Posted in Animals, Humor

A new friend

A new friend has moved in, and quite honestly I’ve been looking for this friend since I got to Germany. I had a few close calls of seeing one, but in the end I missed the opportunity and never actually saw one. This is so special because I have never seen this friend anywhere else other than in Germany.

I remember back to my childhood as I was still living here. It was a warm summer day as I was walking home from school. I noticed something near the sidewalk and walked towards it to take a closer look. Almost completely curled up I found an injured animal. It appeared that it was hit by a car, and his nose was bloody. I wasn’t sure if he was alright, if he was in shock, or if he was dying. I had no clue how long he had been there, and it was hard to tell with the blood how extensive his injuries were. I picked him up and carried him all the way home, with my bare hands and without injury or pain. He knew I didn’t want him any harm and he relaxed. From there, mom came quickly to my aid and made a batch of chamomile tea. The chamomile tea would serve as a healing potion and a way to cleanse the bloody wound. After further inspection, we detected a gashing wound to his nose, and decided to keep him for awhile. He needed a break and someone to nurse him back to health, as he would be unable to feed himself for awhile. Daily I would feed him milk with the help of a doll baby bottle until he progressed to eat the worms mom would gather in the yard for him. This was not her favorite thing to do, and she got grossed out hacking the worms into bite size for him. It makes me smile these days to think of it. Not for the poor worms but for mom doing what was necessary for another to survive. We would keep him in the garage and each morning engaged in a game of hide and seek before school. He was hiding overnight and it was my turn to seek and find the little rascal. He used to find the most unusual of places to hide, such as grandpas shoes, and we had a couple of close calls.

If you are still wondering about what, or who I’m talking about, then please let me introduce you to my pet hedgehog which I later named Fritz. Nursed back to health, Fritz one day came to school with me for a presentation of show and tell. He got to sit on the Pult (the teachers desk) while I read my essay about hedgehogs. One by one, each kid came up to the desk to take a closer look, to touch Fritz and explain how cool he was. I was truly the hero for the day with my unusual pet friend Fritz.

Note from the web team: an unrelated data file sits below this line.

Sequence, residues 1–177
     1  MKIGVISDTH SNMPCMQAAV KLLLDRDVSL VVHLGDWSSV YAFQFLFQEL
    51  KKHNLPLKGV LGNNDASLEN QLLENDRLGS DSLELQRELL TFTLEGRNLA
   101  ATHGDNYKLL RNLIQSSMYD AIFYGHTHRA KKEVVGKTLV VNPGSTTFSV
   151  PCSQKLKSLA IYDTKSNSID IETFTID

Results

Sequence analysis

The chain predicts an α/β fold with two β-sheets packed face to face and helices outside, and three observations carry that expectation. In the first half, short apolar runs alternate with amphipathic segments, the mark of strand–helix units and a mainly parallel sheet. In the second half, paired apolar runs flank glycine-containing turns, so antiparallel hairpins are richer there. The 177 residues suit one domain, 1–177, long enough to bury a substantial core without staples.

Fast forward to my current time her in Germany, the backyard at mom’s house was like a jungle. It had always great meaning to her, but the signs of years passed, unable to tend to it were very obvious. The middle walkway was completely covered and it looked like tall savannah grass along with other various weeds. It was funny to watch Bember came through the grass, like a lioness through the savannah, all you could see was the grass moving until she finally emerged at some point. A wild tree (Mom doesn’t remember ever planting one) was going haywire and needed trimming badly. All weeds and branches were collected in a pile to the garden entrance to be hauled away at a later time. Until it happened and the noise of breaking twigs and rustling leaves came from the pile. Snorting sounds and further excavating noises followed. I knew what it was, and my wish finally came true, the waiting of a new friend moving in was finally over. I placed a bowl of cat food and cut up apples near the pile entrance and I have yet to get a good look and a picture for you. What I did get is special hedgehog food made out of meat, insects and eggs. Yummy.

Looks like Bember has a new friend and I hope her and Betsy will get along. 🦔 Yes, I already named her.

Author: